Landlords have too much power to legally evict their tenants and they use it at any time as leverage to push them back on repairs, rent increases, change in terms and so on. I cannot agree more with you on this one. We get questions every week about how to mitigate when the landlord is threathening to not continue after the fixed term. 

This wasn’t going to be an issue if there were available housing stock at all price ranges to accommodate people easily moving in and out of a property. However, that is not true and to make it worse, moving has become ever so expensive.

Renting itself has become super expensive, in London especially, as rents soar to the sky, letting fees raging uncontrolably and houses having poor energy efficiency resulting in huge utility bills. 

These are all problems that we pray get addressed with more than just an Autumn Statement.

However, while all of the above may be subject to legislation, I don’t believe that secure long term tenure is going to come from John Smith the private landlord that withdrew his pension fund to purchase the property you live in. 

Small time landlords very much rely on the flexibility that they can easily recoup their property using s21 in the even that a bad tenant comes in and starts ruining their *investment*. If the government threathens the security or profitability of this investment, what do you think is going to happen ?

When the government tells John that he can’t have possession of the property for the next 10 years, the chances that John decides the entire tirade is crap and sells up increase. 

When we have private landlords selling up, the housing stock diminishes further. So instead of having expensive insecure housing, we don’t have housing at all. 

I think the ball has been in the government’s court for decades now, but developing new housing is going slow and not at all meets the demant and often the promises of affordability don’t get reflected in the final result.


Great response, thank you, however, we differ in opinions on the subject of curbing BTL landlords, as you state: ” When we have private landlords selling up, the housing stock diminishes further. So instead of having expensive insecure housing, we don’t have housing at all. “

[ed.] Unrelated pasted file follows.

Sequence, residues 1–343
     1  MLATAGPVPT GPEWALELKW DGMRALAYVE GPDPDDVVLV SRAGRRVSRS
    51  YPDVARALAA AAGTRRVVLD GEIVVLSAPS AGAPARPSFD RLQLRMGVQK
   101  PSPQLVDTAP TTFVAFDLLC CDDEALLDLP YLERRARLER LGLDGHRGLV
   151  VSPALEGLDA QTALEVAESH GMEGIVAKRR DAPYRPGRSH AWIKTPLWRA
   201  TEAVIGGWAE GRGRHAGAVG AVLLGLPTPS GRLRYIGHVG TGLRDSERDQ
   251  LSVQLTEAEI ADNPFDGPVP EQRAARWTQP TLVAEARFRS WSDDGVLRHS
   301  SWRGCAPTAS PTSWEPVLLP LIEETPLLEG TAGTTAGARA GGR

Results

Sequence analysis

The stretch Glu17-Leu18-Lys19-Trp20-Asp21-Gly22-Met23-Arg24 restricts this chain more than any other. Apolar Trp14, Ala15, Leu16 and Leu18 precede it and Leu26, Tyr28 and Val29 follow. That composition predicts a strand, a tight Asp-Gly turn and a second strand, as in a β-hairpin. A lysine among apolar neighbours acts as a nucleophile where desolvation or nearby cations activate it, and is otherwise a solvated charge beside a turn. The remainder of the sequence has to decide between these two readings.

First off, the real price increase in property and renting has only entered the housing market over the last 20 years, which incidently coincides with the BTL mortgage in 1996 when those buy to let landlords received mortgage incentives that were not available to people getting on the housing ladder. In addition to this because of the 1988 housing act, there was no rent controls, tenures were no longer secure, and so we started to have less secure and more expensive housing for those in need of either a stepping stone or long term renting. No one is suggesting a landlord should not be able to evict a tenant, but for good tenants, not one’s who trash their property, cause damage or have months of rent arrears, but for the tenants who look after their property as though it’s their own and always pay on time – there should be a 12 month period before a landlord can evict, as currently as soon as a fixed term ends, if perhaps repairs haven’t been dealt with that ahve been requested, or the landlord decides to increase the rent, then the tenant is vulnerable, and this is where it must be balanced out. 
In the main private landlords target the smaller properties for renting, 1-2 bedrooms, most only have one or two properties – those that have more of a portfolio enter the realms more of a commercial landlord, merely by size of their portfolio and he/she will probably have a mix of properties. This hype about what do you think will happen to the housing market/stock if BTL landlords lose the ability to evict or financial incentives, well, we might have a better and fairer system, where those trying to get on the housing ladder or needing to rent had a better deal. If those same mortgage incentives of the last 20 years were given to people trying to get on the housing ladder, in the long run would improve social housing. We have to have properties of the smaller kind available to people getting on the housing ladder – not bought up by landlords to make money. If the government had control on private renting, where people had to prove what they were earning, where rent would be a percentage of what they’re earning, as currently all the housing benefits to keep people in private rented properties and landlords receiving incentives to be landlords – the housing market is completely skewed! And for all the complaints I hear from BTL landlords about how tough it is – Well, why do they become a private landlord, because overall it’s highly profitable for them. Private landlords are increasing, and without some kind of capping rents, the private sector is governing, setting the rents whilst inflating the sector where rents swallow upto 70% of someone’s salary.
A glut of ex-buy to let houses coming on to the market, house prices would lower across the housing spectrum – Councils, associations could possibly buy them and make them available at an affordable rate, which would also reduce housing benefit, or people would have more choice of smaller properties. A system that gives incentives to people make money out of “homes” for people in this dreadful housing crisis is criminal.